Cognitive dysfunction: Part and parcel of the diabetic foot

Rachel Natovich, Talma Kushnir, Ilana Harman-Boehm, Daniella Margalit, Itzhak Siev-Ner, Daniel Tsalichin, Ilia Volkov, Shmuel Giveon, Deborah Rubin-Asher, Tali Cukierman-Yaffe

Research output: Contribution to journalArticlepeer-review

32 Scopus citations

Abstract

Objective The presence of a foot ulcer increases the self-treatment burden imposed on the individual with diabetes. Additionally, this condition increases the cognitive demands needed for adherence tomedical recommendations. A potential gap could exist between medical recommendations and the individual's ability to implement them. Hence, the goal of this study was to examine whether the cognitive profile of peoplewith diabetic foot ulcers differs fromthat of peoplewith diabetes without this complication. RESEARCH DESIGN AND METHODS This was a case-control study. Ninety-nine individuals with diabetic foot ulcers (case patients) and 95 individuals with type 2 diabetes (control subjects) (age range 45-75 years), who werematched for diabetes duration and sex, underwent extensive neuropsychological evaluation using a NeuroTrax computerized battery, digit symbol, and verbal fluency tests. A global cognitive score after standardization for age and education was computed as well as scores in the following six cognitive domains: memory, executive function, reaction time, attention, psychomotor abilities, and estimated premorbid cognition. RESULTS Individuals with diabetic foot ulcers had significantly (P < 0.001) lower cognitive scores than individuals with diabetes without this complication, in all tested cognitive domains, excluding estimated premorbid cognition. Individuals with diabetic foot ulcers demonstrated a significant difference between precognitive and current cognitive abilities, as opposed to the nonsignificant difference among control subjects. The differences persisted inmultivariable analysis after adjusting for depression and smoking. CONCLUSIONS Individuals with diabetic foot ulcers were found to possess fewer cognitive resources than individuals with diabetes without this complication. Thus, they appear to face more self-treatment challenges, while possessing significantly fewer cognitive resources.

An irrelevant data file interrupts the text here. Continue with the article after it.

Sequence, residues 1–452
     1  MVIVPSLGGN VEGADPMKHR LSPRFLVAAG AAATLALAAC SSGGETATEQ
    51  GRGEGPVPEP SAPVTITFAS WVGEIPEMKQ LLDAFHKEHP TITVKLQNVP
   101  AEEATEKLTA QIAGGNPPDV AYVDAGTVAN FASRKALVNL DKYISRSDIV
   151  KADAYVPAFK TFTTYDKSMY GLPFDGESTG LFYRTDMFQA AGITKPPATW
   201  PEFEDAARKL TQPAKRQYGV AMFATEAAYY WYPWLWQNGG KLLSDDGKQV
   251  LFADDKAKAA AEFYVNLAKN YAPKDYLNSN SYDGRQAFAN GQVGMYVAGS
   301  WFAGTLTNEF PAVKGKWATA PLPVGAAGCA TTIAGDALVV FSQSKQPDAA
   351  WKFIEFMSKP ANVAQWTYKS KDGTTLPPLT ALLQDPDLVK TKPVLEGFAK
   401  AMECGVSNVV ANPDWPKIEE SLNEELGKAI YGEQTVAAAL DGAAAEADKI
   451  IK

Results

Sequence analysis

Original languageEnglish
Pages (from-to)1202-1207
Number of pages6
JournalDiabetes Care
Volume39
Issue number7
DOIs
StatePublished - 1 Jul 2016

ASJC Scopus subject areas

  • Internal Medicine
  • Endocrinology, Diabetes and Metabolism
  • Advanced and Specialized Nursing

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